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  • Progressive: A progressive rhythm shows a sequence of forms through a progression of steps.

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  • Alternating: An alternating rhythm consists of successive motifs, which continue to appear in a regular distinct order.

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Balance

Balance in art refers to the sense of distribution of perceived visual weights that offset one another. We feel more comfortable–and therefore find it more pleasing–when the parts of an artwork seem to balance each other. Imbalance gives us an unsettled feeling, and that is something that for most artists is not the desired effect. Some artists, however, deliberately disturb our sense of balance.

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This portrait of a Zen master is solid and balanced, with a strong presence and sense of permanence. Zen practice places a strong emphasis on one’s teacher. This sculpture accentuates the value of the Zen priest in the strength of its balance.

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In contrast, this sculpture almost appears off balance, as if it might tip over at any moment because of the twist of the body and backward leaning stance. This gives it a heightened sense of movement and suggests a dancing motion. Indian art reflects the value of prana, or the breath of life, which can be seen in the animated quality of its sculptures.

Symetrical and Asymmetrical Balance

There are two types of balance: symmetrical and asymmetrical. In symmetrical balance, if an imaginary line is drawn through the center of the work, both sides are exactly the same, and balanced in that way. In asymmetrical balance, the two sides are not identical, but differ from one another. However, the elements are arranged so that there is a sense of balance.

In the illustrations below, both examples use the exact same objects. The one on the left, however, is symmetrical, identical or nearly identical on each side. The one on the right balances the objects asymmetrically. Both sides are different, yet arranged in such a way that they feel balanced.

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Examples of symmetrical balance

Symmetrical balance is used to convey a sense of formality, order, rationality, and permanence. Consider for each of the examples below, why would the artist want to use symmetrical balance?

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Asymmetrical Balance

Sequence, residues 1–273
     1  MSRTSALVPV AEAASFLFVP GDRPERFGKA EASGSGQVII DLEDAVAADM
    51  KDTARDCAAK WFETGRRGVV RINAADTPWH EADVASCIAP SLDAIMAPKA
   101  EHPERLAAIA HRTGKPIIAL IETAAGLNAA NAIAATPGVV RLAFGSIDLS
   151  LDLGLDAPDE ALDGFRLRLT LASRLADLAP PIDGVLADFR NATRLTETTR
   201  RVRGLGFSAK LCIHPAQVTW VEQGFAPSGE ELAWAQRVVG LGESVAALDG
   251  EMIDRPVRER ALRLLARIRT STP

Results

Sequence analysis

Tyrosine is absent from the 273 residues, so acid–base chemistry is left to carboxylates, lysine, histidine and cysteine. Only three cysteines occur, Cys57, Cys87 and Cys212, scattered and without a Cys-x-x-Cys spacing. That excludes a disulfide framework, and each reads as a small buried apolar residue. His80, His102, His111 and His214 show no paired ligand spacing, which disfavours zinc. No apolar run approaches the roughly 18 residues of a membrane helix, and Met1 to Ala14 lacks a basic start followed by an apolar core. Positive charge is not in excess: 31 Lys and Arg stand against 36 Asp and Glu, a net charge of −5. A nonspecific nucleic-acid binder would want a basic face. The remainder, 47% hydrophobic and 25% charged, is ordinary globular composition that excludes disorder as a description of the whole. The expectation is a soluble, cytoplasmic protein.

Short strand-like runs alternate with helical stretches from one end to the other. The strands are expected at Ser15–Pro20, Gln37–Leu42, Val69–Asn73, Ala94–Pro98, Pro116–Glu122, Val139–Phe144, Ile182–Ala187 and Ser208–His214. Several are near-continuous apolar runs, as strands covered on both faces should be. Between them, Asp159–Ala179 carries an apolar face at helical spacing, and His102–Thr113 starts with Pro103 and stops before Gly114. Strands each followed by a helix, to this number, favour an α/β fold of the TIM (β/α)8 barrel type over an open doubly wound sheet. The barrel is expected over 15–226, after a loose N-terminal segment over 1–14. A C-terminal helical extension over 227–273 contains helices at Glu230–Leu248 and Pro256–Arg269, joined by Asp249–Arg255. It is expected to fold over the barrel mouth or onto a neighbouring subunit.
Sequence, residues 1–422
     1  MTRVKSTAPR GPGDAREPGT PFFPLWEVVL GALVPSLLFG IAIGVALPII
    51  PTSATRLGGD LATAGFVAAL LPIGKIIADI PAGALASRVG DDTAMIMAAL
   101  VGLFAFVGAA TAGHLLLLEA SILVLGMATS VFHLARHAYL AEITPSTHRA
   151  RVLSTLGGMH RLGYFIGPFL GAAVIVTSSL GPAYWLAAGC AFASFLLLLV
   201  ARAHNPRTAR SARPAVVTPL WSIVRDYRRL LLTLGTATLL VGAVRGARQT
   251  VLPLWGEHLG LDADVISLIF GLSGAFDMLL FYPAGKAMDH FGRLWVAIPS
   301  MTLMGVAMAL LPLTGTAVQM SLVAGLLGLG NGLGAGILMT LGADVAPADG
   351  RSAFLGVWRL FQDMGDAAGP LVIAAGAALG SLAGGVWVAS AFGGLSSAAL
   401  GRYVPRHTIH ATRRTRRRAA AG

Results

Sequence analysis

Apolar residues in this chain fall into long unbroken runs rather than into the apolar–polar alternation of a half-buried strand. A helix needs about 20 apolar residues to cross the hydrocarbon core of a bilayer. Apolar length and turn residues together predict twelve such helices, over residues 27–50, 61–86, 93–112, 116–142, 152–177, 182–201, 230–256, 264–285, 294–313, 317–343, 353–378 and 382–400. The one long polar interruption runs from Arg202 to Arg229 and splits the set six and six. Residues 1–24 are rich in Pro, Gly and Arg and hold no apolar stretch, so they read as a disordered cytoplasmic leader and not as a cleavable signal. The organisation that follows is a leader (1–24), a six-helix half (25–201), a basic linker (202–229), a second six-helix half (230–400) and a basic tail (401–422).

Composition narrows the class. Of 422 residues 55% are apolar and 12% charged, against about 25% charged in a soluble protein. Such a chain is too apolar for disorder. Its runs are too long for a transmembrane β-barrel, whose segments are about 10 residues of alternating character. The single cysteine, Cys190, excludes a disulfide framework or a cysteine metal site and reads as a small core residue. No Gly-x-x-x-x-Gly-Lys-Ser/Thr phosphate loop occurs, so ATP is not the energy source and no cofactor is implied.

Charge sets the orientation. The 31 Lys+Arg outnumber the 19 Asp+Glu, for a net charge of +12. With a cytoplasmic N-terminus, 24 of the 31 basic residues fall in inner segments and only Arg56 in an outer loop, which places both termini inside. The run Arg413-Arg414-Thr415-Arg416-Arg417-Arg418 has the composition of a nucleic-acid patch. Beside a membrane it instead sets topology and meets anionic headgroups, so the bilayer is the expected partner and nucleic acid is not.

Asymmetrical balance often has more variety, visual interest, and liveliness.

Asymmetrical balance can be achieved by using some of the following principles:

Visually–

  • a large form is heavier than a smaller form
  • dark values are heavier than light values
  • a textured form is heavier than a smooth form
  • a complex form is heavier than a simple form
  • two or more smaller forms balance one large form
  • a smaller darker form balances a larger lighter form
  • objects toward the edge or corner of the composition appear heavier
  • intense colors are heavier than muted colors

Examples of asymmetrical balance in art


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Japanese art is known for elegant asymmetry that is perfectly balanced. Here, the mountain on the right is balanced on the left by empty space, the close proximity of the travelers, and their movement away from the mountain.

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Mary Cassatt was an Impressionist painter and printmaker. She was strongly influenced by Japanese art and was a master at creating asymmetrically balanced compositions. Notice how she balances strong forms with space and placement of elements in the composition.

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The building is placed off center, to the left, but is balanced by the dramatic angle of the diving board, and its projection into the viewer’s space.

 

Variety

Variety means “to change the character” of an element, to make it different.

Variety is the complement to unity and is needed to create visual interest. Without unity, an image is chaotic and “unreadable;” without variety it is dull and uninteresting. Good design is achieved through the balance of unity and variety; the elements need to be alike enough so we perceive them as belonging together and different enough to be interesting.

Varying the elements creates variety. Ways to vary elements include:

  • Line – thinness, thickness, value, color, angle, length
  • Shape – size, color, orientation and texture, type
  • Color – hue, value, saturation
  • Value – darkness, lightness, high-key, low-key, value contrast
  • Texture – rough, smooth

An effective way to integrate unity and variety is by creating variations on a theme. Just as a composer can repeat and vary a musical theme throughout a composition, a designer can repeat and vary an element throughout a design.

Enclosed are some examples of variety through the use of line, shape, color, and texture in ceramics:

Color

-COLOR FOR EXPRESSION

COLOR IS THE ELEMENT THAT WE ARE MOST SENSITIVE TO. IT IS THE MOST EXPRESSIVE OF THE ART ELEMENTS BECAUSE IT AFFECTS OUR EMOTIONS DIRECTLY AND IMMEDIATELY.